Metadata Basics

Making a statement

Making a statement

Most metadata today is gathered into machine-readable records. Each record represents a thing being described. The fields that make up the description relate to the subject of the record. Oftentimes, the subject of the record is to be interpreted as "the thing that all of these fields describe." There is no explicit identity for the subject of the description other than, perhaps, the record's identifier.

a record

The record acts as a container for the descriptive fields. This has the advantage that it keeps the fields together for distribution and use. But it also has the disadvantage that the data in the fields cannot be used except within the context of that record. This limits the interoperability of data, especially where different systems use different record formats. In other words, you can't take

color = red

and do anything with it, even though there may be many other bits of data in the world that make a statement about "color" because outside of the context of the record you don't know what this statement refers to. It is essentially like a sentence without a subject: "? is red."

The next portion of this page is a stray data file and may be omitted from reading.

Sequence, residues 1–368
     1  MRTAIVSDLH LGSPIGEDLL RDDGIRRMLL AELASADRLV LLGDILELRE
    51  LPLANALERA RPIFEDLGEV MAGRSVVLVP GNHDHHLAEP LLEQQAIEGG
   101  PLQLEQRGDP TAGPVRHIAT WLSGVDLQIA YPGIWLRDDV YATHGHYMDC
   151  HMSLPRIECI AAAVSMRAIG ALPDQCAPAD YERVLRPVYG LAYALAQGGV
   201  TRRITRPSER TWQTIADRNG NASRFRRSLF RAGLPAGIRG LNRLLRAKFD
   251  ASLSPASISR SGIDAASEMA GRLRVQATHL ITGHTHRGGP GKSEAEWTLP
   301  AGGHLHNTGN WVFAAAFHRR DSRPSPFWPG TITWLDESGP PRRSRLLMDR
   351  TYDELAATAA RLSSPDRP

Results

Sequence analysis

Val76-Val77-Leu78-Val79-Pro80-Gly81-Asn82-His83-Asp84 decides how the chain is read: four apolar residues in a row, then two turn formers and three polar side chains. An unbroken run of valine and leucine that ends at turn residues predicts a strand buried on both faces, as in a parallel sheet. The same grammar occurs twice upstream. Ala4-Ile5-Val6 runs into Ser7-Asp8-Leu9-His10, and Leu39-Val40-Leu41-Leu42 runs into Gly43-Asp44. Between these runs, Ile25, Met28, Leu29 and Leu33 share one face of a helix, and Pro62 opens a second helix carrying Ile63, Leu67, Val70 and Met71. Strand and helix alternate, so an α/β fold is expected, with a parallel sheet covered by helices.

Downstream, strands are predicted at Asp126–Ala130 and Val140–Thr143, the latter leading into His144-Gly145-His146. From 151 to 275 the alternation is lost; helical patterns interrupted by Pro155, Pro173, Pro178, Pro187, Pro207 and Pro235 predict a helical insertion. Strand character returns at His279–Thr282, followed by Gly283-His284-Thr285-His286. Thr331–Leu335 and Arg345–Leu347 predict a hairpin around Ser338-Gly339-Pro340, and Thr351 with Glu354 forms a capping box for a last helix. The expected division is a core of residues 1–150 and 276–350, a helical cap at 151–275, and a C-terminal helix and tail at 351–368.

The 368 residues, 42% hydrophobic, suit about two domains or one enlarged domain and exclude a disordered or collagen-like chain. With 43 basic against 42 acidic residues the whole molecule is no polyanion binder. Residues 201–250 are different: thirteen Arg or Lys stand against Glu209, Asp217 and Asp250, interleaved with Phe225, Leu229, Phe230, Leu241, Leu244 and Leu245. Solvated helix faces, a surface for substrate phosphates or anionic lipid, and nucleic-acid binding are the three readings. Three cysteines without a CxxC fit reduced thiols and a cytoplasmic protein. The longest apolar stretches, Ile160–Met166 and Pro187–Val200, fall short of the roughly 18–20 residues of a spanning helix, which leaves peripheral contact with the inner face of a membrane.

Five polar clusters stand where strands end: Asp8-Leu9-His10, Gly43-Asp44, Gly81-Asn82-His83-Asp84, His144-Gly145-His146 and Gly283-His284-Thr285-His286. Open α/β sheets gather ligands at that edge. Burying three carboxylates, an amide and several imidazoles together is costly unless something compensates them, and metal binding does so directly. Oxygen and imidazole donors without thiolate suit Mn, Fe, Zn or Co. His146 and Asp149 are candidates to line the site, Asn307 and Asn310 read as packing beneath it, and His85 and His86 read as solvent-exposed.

To make your metadata interoperable you need to break the record apart and give each metadata statement a subject.

statements

This is the same information as in the record, but now each individual statement has a subject, a predicate, and an object. The subject is always a thing that has a unique identifier. So let's create an identifier for our subject:

http://www.example.com/id123

We can now say

[http://www.example.com/id123] | color | red
[http://www.example.com/id123] | make | Chevrolet

etc. Unlike the use of an identifier to identify a record (that is, a particular set of metadata), the identifier in this case identifies the subject of the metadata. If we want to add more metadata about this subject, we create another statement with the same subject identifier.

Each individual statement is now complete, and any statement can be used in combination with other statements about the same subject, and can even be combined with data from other sources that describe the same subject. At the same time, we can also gather together all of the information about this subject, even if it comes from different sources by selecting all statements with the same subject. This statement structure is the basis for the Semantic Web. It allows you to easily mix metadata from different sources and to create webs of data.

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